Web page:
Joe Rogers: Making room for non-believers in God’s Country

Jan 12, 2015

By Joe Rogers

Framers of the 1890 Constitution wanted to make sure that heathens couldn’t seize control of Mississippi.

“No person who denies the existence of a Supreme Being shall hold any office in this State,” Section 265 reads.

The provenance goes all the way back to the original 1817 Constitution, Article VI, Section 6: “No person who denies the being of God, or of a future state of rewards and punishments, shall hold any office in the civil department of this State.”

With some minor wording variations, the same prohibition was in the 1832 and 1869 Constitutions, as well.

A problem – and this is not a minor problem – is that 50-plus years ago, the United States Supreme Court ruled unanimously that such bans violate the United States Constitution.

Yet Mississippi and six other states still have them on the books.


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4 comments on “Joe Rogers: Making room for non-believers in God’s Country

  • Seems Neil Carter is indeed in a good position to act as mediator/liaison. Good for him, it’s never easy to un-do something, esp. when it’s grandfathered in.

    Can’t envision the Southern Baptist Conference using its wing to cover the Atheist chick, though. Baby steps, such as an endorsement from the “Dixie Quilt Club”, to start.



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  • Interesting, considering the pervasive religious mindset of the period, albeit with some noteable exceptions, none of whom I suspect ever went near Mississippi, that the question even arose.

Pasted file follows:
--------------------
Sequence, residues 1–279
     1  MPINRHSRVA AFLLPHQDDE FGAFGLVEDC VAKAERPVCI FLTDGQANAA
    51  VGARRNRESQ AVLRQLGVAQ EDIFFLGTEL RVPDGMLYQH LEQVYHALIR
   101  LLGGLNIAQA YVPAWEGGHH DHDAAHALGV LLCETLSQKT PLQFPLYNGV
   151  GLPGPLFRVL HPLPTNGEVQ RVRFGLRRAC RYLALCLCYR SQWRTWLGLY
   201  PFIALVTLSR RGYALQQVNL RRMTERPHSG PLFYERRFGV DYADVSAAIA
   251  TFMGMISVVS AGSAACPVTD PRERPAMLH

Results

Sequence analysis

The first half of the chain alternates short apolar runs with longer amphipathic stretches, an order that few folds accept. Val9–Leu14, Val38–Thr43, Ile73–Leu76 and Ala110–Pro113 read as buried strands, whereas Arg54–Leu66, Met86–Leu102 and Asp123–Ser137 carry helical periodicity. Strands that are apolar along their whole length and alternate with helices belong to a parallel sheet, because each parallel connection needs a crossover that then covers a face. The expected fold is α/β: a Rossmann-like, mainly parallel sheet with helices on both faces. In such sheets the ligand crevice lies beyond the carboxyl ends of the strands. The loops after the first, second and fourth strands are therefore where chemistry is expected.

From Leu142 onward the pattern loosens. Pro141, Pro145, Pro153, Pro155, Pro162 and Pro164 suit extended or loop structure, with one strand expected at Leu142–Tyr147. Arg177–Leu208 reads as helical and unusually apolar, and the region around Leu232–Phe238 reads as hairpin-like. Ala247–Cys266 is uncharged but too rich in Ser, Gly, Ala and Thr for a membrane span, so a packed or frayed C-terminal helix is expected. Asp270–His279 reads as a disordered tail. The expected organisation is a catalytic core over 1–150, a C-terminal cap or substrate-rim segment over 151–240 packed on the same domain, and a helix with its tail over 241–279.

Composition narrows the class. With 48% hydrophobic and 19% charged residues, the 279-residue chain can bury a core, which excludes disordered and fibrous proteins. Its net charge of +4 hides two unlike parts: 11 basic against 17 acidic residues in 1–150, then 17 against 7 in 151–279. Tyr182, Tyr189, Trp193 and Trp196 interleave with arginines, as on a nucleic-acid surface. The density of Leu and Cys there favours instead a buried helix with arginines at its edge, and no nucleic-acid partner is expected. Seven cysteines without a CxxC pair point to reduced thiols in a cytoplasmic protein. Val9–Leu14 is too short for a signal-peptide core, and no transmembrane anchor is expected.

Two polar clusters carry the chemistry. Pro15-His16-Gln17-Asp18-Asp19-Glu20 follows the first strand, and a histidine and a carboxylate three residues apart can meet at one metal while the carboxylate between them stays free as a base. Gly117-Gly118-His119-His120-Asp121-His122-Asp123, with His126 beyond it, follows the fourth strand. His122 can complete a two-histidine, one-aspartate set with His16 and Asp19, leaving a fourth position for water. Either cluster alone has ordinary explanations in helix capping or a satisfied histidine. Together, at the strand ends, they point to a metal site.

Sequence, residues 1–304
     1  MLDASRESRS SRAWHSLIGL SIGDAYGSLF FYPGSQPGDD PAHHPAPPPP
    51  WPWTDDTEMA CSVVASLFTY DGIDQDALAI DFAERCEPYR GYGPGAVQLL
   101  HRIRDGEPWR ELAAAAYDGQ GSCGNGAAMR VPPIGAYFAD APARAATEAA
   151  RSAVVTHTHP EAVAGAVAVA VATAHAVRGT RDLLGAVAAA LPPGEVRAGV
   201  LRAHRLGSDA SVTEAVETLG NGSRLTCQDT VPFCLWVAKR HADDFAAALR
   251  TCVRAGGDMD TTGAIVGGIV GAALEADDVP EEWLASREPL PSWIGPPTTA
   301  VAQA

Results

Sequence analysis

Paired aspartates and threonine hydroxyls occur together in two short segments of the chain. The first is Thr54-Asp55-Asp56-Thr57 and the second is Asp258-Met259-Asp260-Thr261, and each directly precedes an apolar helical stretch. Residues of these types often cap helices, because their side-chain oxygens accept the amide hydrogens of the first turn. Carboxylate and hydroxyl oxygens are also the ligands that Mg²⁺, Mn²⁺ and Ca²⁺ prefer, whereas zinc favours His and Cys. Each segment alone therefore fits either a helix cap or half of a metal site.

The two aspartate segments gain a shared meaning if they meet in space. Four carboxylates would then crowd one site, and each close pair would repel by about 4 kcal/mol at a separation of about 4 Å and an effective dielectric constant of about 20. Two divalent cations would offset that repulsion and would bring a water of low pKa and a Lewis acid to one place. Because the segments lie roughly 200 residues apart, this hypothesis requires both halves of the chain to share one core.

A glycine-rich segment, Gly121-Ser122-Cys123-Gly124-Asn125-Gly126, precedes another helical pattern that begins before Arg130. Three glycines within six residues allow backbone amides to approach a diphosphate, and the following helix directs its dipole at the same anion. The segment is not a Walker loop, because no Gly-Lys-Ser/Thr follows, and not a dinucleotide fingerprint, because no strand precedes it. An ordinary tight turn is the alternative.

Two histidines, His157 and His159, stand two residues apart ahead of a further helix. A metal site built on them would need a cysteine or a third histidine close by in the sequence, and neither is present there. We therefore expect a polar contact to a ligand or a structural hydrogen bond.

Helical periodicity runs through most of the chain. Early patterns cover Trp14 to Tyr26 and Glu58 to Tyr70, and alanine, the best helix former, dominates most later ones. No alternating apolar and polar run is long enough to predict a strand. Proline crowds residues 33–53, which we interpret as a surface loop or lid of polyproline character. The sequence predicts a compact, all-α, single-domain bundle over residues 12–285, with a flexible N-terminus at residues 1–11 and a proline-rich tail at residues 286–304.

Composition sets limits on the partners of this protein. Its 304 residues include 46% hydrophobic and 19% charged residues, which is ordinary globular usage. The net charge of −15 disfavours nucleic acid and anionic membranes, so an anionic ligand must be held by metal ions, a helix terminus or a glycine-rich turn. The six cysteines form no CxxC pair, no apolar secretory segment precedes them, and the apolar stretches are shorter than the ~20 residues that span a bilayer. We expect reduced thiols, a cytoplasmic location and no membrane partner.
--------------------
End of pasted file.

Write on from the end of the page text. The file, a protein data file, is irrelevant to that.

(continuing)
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  • You can see that reasoning to this day. They think without the threat of torture, there is no motive to behave well. It is just as important to believe in torture as in the deity.

    You have to wonder about someone who thinks like this. You don’t shoot my dog ONLY because you fear torture? But otherwise, you would? It suggests Christians are seething with hatred. Perhaps all that phony niceness creates a pressure cooker.



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  • Roedy Said:
    You don’t shoot my dog ONLY because you fear torture? But otherwise, you would? It suggests Christians are seething with hatred.

    Chuck Says:
    Thousands of years ago, humans were a pretty rough bunch of apes. I think that the “Heaven and Hell” stories were more beneficial back then.

    Modern Christians are stuck with the old hellfire story, and they keep getting the sneaking suspicion that the story is absurd, and maybe malicious. The Internet age puts them under pressure. This helps to explain Fundamentalists’ seething hatred. Cognitive Dissonance is sneaking up on them and poking them with knives.

    Humanism (including the Dawkins website) can help them to make the transition from ancient supernatural beliefs.

    In the meantime, things can get pretty scary for some of these evangelical folks.

    http://tinyurl.com/pnswxrj



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